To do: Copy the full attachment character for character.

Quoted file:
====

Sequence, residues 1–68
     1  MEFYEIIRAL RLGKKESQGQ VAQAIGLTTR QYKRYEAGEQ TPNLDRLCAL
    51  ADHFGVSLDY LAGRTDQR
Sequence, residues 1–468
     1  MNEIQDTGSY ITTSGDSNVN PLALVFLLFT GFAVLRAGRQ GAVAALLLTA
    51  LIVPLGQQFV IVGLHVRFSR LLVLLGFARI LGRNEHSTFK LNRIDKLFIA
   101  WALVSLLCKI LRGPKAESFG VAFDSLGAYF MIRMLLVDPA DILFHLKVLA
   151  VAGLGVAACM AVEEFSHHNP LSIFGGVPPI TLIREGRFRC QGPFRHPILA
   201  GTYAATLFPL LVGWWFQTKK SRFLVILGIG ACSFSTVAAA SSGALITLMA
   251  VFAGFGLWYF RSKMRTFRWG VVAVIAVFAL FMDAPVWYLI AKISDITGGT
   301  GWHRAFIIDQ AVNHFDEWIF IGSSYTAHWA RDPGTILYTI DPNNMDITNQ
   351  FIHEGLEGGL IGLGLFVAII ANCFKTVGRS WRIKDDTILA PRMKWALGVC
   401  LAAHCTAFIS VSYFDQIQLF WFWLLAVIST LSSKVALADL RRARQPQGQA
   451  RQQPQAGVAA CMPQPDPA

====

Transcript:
Sequence, residues 1–68
     1  MEFYEIIRAL RLGKKESQGQ VAQAIGLTTR QYKRYEAGEQ TPNLDRLCAL
    51  ADHFGVSLDY LAGRTDQR
Sequence, residues 1–468
     1  MNEIQDTGSY ITTSGDSNVN PLALVFLLFT GFAVLRAGRQ GAVAALLLTA
    51  LIVPLGQQFV IVGLHVRFSR LLVLLGFARI LGRNEHSTFK LNRIDKLFIA
   101  WALVSLLCKI LRGPKAESFG VAFDSLGAYF MIRMLLVDPA DILFHLKVLA
   151  VAGLGVAACM AVEEFSHHNP LSIFGGVPPI TLIREGRFRC QGPFRHPILA
   201  GTYAATLFPL LVGWWFQTKK SRFLVILGIG ACSFSTVAAA SSGALITLMA
   251  VFAGFGLWYF RSKMRTFRWG VVAVIAVFAL FMDAPVWYLI AKISDITGGT
   301  GWHRAFIIDQ AVNHFDEWIF IGSSYTAHWA RDPGTILYTI DPNNMDITNQ
   351  FIHEGLEGGL IGLGLFVAII ANCFKTVGRS WRIKDDTILA PRMKWALGVC
   401  LAAHCTAFIS VSYFDQIQLF WFWLLAVIST LSSKVALADL RRARQPQGQA
   451  RQQPQAGVAA CMPQPDPA